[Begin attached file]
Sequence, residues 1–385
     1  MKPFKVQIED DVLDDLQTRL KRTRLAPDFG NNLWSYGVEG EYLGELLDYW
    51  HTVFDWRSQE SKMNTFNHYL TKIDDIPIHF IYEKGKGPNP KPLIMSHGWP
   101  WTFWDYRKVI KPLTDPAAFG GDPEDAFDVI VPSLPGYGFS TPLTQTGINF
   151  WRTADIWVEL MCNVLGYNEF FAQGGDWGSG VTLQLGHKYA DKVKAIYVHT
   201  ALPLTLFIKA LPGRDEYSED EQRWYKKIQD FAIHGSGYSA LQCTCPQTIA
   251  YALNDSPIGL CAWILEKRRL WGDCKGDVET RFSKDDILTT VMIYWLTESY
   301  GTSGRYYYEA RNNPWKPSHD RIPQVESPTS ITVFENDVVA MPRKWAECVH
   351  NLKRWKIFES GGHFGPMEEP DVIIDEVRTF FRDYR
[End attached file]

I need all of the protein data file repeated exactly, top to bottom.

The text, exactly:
Sequence, residues 1–385
     1  MKPFKVQIED DVLDDLQTRL KRTRLAPDFG NNLWSYGVEG EYLGELLDYW
    51  HTVFDWRSQE SKMNTFNHYL TKIDDIPIHF IYEKGKGPNP KPLIMSHGWP
   101  WTFWDYRKVI KPLTDPAAFG GDPEDAFDVI VPSLPGYGFS TPLTQTGINF
   151  WRTADIWVEL MCNVLGYNEF FAQGGDWGSG VTLQLGHKYA DKVKAIYVHT
   201  ALPLTLFIKA LPGRDEYSED EQRWYKKIQD FAIHGSGYSA LQCTCPQTIA
   251  YALNDSPIGL CAWILEKRRL WGDCKGDVET RFSKDDILTT VMIYWLTESY
   301  GTSGRYYYEA RNNPWKPSHD RIPQVESPTS ITVFENDVVA MPRKWAECVH
   351  NLKRWKIFES GGHFGPMEEP DVIIDEVRTF FRDYR